Algorithm designers must instead achieve some threshold of operator or user satisfaction — understood in the model, perhaps, in terms of percent clicks on the top results, or percentage of correctly identified human faces from digital images.(when algorithms learned how to write)
Is algorithm threatening the human? This is a question that often been asked.
I want to use games as an example: algorithms know how to make people addicted. I recently became addicted to a mobile game called Two Dots, which I downloaded by accident for a course on game logic and spent at least five hours a day playing it. It's not a complex game, the interface is clean and simple, and the rules grow with the number of levels. But why is it so fascinating? Because the algorithm is set up accurately so that the possibility of winning is somewhere between challenging and continuous . The algorithm set it into a not easy-to-win mode, so I can only buy tokens ton achieve my desire of winning.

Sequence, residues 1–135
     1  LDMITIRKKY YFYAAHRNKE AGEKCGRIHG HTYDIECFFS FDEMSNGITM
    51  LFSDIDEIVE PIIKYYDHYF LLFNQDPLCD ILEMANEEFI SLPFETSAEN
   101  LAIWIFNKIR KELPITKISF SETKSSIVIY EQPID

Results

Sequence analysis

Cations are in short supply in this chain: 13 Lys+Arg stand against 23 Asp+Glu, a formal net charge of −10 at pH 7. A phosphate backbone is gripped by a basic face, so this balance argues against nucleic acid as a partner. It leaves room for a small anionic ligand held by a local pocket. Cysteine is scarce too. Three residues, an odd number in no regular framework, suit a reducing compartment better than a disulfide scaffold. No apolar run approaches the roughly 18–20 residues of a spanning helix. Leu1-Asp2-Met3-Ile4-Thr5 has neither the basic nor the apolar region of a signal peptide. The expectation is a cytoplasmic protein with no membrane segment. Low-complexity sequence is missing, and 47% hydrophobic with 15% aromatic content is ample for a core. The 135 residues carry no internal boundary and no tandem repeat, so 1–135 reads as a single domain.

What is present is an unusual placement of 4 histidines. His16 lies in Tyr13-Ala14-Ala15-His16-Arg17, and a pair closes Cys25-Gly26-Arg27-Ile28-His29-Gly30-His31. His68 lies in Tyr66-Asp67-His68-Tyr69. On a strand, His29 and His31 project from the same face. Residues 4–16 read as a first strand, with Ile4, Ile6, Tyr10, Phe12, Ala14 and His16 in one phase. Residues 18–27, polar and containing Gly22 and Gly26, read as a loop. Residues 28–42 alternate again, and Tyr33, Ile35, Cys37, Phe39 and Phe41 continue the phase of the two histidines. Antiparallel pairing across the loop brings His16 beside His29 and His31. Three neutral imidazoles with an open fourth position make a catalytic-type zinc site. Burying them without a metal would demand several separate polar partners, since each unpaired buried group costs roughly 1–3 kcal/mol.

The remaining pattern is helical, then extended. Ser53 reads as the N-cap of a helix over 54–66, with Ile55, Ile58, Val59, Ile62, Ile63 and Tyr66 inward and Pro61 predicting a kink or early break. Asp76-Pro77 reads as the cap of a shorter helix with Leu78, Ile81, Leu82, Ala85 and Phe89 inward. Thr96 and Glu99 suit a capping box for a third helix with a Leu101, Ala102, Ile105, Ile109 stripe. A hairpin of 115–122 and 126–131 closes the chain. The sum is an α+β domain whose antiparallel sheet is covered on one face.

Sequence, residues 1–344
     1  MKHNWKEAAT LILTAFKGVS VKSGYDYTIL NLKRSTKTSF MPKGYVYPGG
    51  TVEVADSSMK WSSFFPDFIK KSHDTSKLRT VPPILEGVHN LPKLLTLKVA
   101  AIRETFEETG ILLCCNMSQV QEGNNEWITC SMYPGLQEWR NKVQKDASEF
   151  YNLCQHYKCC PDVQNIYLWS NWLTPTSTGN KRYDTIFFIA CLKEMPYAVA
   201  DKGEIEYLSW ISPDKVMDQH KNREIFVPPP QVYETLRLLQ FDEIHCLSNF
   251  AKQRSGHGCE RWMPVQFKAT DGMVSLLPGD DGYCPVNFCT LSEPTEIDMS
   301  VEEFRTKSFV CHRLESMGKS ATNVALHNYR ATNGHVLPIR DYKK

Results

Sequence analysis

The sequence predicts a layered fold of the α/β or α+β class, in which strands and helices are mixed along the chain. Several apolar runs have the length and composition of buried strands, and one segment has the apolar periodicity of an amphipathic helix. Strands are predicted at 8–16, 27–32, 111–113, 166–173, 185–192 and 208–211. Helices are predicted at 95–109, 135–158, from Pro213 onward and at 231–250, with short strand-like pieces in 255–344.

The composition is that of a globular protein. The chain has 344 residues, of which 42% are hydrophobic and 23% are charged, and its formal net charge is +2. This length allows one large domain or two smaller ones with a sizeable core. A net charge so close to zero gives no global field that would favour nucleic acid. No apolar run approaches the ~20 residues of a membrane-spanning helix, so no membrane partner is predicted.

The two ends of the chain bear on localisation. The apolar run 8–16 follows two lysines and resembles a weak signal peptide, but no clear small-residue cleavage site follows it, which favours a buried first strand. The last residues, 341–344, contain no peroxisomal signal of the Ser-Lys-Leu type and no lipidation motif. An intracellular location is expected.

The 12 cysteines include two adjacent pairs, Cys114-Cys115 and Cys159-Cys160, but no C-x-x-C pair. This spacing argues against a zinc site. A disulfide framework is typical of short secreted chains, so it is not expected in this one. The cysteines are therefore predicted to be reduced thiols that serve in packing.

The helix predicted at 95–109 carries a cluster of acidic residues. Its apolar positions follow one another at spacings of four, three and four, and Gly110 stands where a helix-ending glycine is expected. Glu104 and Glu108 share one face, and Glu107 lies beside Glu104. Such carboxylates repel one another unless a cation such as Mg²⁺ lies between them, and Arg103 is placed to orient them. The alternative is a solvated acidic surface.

Then I started thinking about how do algorithms actually threaten me? It made me addicted to spending time and money, that’s because it found my weakness. It hooked me. So who is the least threatened by the game's algorithm? It must be the elderly, since they are not heavy phone users.
I think what we need to do is not to blame technology, but to think about where are our weaknesses, how do we give the algorithms an opportunity to beat us ? The algorithm itself doesn’t have thinking ability, algorithms just follow instructions. The greatest threat to us is our age's insatiable desires. Self-control has been neglected while technology has been condemned. Only by knowing your weaknesses, you can benefit and enjoy from the technology.